The current investigation of Saginaw's gay priest abuse of male teenagers shows once again that homosexuals shouldn't be ordained. Homosexual formators, unfortunately, are running some seminaries.
Such is the case in a Honduran seminary under the influence of Bp. Juan José Pineda of the archdiocese of Tegucigalpa. Two former seminarians have recently come forward insisting that Bp. Pineda had molested them while in the seminary. One man alleged Pineda, an auxiliary bishop of the diocese, had at night "came close to me and touched my intimate parts and chest." Other sources attest that the bishop also had a live-in relationship with a male assistant that his archbishop at the time, Cdl. Oscar Rodriguez Maradiaga, had covered up.
All studies from 2004 onward have consistently shown that clerical sex abuse is predominantly homosexual in nature. It has been perpetrated by homosexuals who've infiltrated the Church and been ordained over the last several decades. Not only are large numbers of homosexual clerics still active in the Church but they've also formed networks and power structures, a type of homo-mafia, to keep their nefarious homosexual liaisons secret.
Rome recognized the problem of having homosexuals ordained and in 2008, the Vatican issued guidelines that placed a prohibition on homosexual seminarians, which included even men who were questioning their sexual orientation. The 2008 guidelines direct seminaries to dismiss men who have not only "deep-seated homosexual tendencies" but also an "uncertain sexual identity." Of this latter group, the 2008 guidelines say of such men that their "path of formation will have to be interrupted."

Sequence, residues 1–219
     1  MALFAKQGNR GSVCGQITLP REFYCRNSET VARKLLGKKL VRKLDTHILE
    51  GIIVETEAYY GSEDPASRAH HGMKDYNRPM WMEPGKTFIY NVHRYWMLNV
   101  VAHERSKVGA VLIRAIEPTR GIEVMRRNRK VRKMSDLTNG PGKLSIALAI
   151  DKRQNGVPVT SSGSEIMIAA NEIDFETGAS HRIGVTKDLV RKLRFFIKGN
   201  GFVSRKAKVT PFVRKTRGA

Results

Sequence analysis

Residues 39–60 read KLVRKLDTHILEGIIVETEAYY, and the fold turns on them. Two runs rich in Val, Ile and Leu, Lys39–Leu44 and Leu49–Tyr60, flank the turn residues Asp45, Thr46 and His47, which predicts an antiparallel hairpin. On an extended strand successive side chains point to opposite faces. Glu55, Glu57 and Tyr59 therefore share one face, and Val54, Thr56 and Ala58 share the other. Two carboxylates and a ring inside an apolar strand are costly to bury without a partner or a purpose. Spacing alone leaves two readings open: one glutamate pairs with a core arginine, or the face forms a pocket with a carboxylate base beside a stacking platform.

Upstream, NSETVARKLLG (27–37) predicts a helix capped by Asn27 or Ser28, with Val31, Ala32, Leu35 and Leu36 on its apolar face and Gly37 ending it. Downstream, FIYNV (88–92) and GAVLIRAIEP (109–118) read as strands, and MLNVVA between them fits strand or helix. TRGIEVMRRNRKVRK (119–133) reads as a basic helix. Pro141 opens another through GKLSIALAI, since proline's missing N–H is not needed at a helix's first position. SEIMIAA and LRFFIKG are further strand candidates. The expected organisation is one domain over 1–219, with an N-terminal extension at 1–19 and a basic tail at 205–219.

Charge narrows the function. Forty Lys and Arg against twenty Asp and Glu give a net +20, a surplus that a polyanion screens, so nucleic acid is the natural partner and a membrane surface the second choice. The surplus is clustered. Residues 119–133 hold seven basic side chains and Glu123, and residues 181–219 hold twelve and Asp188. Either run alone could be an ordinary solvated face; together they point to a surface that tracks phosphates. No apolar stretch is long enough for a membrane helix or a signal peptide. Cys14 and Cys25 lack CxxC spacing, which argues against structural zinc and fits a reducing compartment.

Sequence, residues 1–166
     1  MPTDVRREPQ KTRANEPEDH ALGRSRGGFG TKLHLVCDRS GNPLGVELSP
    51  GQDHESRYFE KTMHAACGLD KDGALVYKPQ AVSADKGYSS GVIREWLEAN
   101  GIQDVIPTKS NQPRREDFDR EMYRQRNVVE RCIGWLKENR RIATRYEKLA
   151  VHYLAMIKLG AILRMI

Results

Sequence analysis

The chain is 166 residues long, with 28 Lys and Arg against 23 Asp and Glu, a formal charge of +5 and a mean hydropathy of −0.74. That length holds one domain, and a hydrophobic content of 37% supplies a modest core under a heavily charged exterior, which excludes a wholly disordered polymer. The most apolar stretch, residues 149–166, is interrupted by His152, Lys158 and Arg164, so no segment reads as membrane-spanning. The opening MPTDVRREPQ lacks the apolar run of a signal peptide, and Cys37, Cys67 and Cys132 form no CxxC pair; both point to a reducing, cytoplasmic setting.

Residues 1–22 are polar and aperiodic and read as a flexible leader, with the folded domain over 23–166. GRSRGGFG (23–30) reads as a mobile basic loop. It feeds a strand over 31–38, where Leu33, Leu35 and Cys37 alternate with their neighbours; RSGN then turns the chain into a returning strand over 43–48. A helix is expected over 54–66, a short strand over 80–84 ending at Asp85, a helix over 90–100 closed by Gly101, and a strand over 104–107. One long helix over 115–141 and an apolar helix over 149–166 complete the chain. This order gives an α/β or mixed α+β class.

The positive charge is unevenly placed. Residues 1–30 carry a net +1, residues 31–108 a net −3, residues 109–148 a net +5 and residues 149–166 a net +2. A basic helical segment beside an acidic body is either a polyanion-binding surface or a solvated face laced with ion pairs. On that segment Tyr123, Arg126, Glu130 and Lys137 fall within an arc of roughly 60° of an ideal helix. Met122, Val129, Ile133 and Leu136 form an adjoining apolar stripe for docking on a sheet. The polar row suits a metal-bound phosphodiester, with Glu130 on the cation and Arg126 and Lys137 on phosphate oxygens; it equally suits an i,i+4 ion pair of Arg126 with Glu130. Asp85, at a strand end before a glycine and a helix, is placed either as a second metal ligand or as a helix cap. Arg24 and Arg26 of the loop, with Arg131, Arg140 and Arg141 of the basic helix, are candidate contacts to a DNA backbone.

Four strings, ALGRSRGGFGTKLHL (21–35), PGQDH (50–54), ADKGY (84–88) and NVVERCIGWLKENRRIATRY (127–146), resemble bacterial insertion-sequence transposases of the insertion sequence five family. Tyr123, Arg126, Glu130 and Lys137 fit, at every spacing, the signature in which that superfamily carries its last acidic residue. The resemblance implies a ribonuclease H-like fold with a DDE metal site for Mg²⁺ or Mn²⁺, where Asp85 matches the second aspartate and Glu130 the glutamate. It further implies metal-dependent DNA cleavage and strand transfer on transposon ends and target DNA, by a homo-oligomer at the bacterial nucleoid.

The 2008 document said this in the context of speaking of psychological deficiencies in seminarians, pointing out, "Such immaturity would include ... uncertain sexual identity; deep-seated homosexual tendencies etc. If this should be the case, the path of formation will have to be interrupted."
Father Dariuz Oko, who worked under former Pope Benedict XVI to uncover the homolobby in the Church, last year told Church Militant that according to his estimate as many as 50 percent of the clergy working in Rome are homosexual. This may explain why the 2016 Vatican guidelines for seminaries walked back the 2008 guidelines and now allows men with "homosexual tendencies" that are "a transitory problem" to remain in the seminary.